Square numbers can be represented as the sum of consecutive odd numbers. What is the sum of 1 + 3 + ..... + 149 + 151 + 153?
Can you work out how many cubes were used to make this open box? What size of open box could you make if you had 112 cubes?
This task, written for the National Young Mathematicians' Award 2016, involves open-topped boxes made with interlocking cubes. Explore the number of units of paint that are needed to cover the boxes. . . .
In each of the pictures the invitation is for you to: Count what you see. Identify how you think the pattern would continue.
Watch this animation. What do you see? Can you explain why this happens?
Is it possible to rearrange the numbers 1,2......12 around a clock face in such a way that every two numbers in adjacent positions differ by any of 3, 4 or 5 hours?
Can you find a way of counting the spheres in these arrangements?
This 100 square jigsaw is written in code. It starts with 1 and ends with 100. Can you build it up?
Problem solving is at the heart of the NRICH site. All the problems give learners opportunities to learn, develop or use mathematical concepts and skills. Read here for more information.
Some puzzles requiring no knowledge of knot theory, just a careful inspection of the patterns. A glimpse of the classification of knots and a little about prime knots, crossing numbers and. . . .
A 2 by 3 rectangle contains 8 squares and a 3 by 4 rectangle contains 20 squares. What size rectangle(s) contain(s) exactly 100 squares? Can you find them all?
Here you see the front and back views of a dodecahedron. Each vertex has been numbered so that the numbers around each pentagonal face add up to 65. Can you find all the missing numbers?
When I fold a 0-20 number line, I end up with 'stacks' of numbers on top of each other. These challenges involve varying the length of the number line and investigating the 'stack totals'.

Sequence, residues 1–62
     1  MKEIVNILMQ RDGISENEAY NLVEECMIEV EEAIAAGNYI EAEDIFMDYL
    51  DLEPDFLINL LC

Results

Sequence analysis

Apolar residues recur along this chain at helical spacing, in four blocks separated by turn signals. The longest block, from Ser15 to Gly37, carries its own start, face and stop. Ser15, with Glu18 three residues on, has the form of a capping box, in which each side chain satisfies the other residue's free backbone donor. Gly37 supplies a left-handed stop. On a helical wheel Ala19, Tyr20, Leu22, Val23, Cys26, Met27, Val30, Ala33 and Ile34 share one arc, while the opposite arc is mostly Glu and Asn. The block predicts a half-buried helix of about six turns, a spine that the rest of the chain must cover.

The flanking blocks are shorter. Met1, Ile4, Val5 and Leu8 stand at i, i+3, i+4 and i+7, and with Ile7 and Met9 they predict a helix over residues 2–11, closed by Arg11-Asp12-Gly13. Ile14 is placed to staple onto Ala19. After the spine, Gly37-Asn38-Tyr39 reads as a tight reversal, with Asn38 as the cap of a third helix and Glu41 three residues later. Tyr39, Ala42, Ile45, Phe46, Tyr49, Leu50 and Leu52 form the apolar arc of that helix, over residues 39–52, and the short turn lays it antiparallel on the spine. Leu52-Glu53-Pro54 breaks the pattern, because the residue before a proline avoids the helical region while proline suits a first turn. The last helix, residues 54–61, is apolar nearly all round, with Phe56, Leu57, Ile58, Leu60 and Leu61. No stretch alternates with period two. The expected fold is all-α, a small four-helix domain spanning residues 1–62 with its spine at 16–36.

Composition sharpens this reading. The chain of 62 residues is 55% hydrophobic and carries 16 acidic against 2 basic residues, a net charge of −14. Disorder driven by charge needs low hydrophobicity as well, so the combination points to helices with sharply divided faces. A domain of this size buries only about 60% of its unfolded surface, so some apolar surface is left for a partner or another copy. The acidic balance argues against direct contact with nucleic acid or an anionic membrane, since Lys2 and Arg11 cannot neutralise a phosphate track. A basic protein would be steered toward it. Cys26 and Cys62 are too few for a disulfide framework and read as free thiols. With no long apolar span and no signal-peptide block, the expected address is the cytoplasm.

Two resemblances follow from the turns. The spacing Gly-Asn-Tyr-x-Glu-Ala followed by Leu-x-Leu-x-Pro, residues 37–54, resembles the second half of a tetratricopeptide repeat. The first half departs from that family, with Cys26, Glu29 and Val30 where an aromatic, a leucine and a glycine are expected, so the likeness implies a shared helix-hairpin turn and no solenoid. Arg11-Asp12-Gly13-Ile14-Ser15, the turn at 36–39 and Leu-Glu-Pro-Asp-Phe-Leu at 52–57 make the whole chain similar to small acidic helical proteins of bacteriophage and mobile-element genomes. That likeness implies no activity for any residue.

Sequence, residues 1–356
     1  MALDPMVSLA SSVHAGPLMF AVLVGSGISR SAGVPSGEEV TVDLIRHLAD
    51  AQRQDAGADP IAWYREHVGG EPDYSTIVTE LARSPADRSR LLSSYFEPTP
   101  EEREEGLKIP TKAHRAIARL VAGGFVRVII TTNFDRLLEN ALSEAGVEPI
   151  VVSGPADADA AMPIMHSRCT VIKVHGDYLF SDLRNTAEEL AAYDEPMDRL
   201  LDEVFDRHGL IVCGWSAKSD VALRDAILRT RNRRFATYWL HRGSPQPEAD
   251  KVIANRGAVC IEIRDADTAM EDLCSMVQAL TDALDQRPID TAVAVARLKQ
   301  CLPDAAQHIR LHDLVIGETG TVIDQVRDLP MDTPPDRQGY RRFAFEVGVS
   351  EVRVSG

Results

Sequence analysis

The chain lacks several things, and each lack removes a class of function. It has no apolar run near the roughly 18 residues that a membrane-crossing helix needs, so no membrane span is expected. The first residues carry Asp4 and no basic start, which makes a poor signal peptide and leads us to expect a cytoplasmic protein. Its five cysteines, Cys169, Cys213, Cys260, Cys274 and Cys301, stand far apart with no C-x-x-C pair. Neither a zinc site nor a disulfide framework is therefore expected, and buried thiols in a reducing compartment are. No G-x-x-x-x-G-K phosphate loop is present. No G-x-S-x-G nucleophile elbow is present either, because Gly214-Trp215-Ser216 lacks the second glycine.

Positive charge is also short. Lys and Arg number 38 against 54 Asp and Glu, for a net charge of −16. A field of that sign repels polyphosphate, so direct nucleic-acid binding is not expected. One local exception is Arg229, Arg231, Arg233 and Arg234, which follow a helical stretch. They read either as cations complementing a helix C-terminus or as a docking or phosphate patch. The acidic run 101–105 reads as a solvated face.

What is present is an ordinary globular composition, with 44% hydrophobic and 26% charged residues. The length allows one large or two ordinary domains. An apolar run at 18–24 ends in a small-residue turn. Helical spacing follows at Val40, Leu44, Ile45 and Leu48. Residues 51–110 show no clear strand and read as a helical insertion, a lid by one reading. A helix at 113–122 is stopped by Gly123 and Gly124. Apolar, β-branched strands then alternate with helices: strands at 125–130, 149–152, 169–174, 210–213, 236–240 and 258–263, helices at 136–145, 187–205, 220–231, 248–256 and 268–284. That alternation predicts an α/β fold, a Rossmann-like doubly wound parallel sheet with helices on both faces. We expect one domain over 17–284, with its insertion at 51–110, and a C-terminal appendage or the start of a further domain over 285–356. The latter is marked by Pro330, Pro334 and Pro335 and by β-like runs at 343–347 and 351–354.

This problem is about investigating whether it is possible to start at one vertex of a platonic solid and visit every other vertex once only returning to the vertex you started at.
The triangle ABC is equilateral. The arc AB has centre C, the arc BC has centre A and the arc CA has centre B. Explain how and why this shape can roll along between two parallel tracks.
Can you describe this route to infinity? Where will the arrows take you next?
Which of the following cubes can be made from these nets?
When dice land edge-up, we usually roll again. But what if we didn't...?
Watch these videos to see how Phoebe, Alice and Luke chose to draw 7 squares. How would they draw 100?
Mathematics is the study of patterns. Studying pattern is an opportunity to observe, hypothesise, experiment, discover and create.
This challenge involves eight three-cube models made from interlocking cubes. Investigate different ways of putting the models together then compare your constructions.
Imagine you have six different colours of paint. You paint a cube using a different colour for each of the six faces. How many different cubes can be painted using the same set of six colours?
Can you fit the tangram pieces into the outline of this teacup?
Can you find a way of representing these arrangements of balls?
What is the shape of wrapping paper that you would need to completely wrap this model?
A train leaves on time. After it has gone 8 miles (at 33mph) the driver looks at his watch and sees that the hour hand is exactly over the minute hand. When did the train leave the station?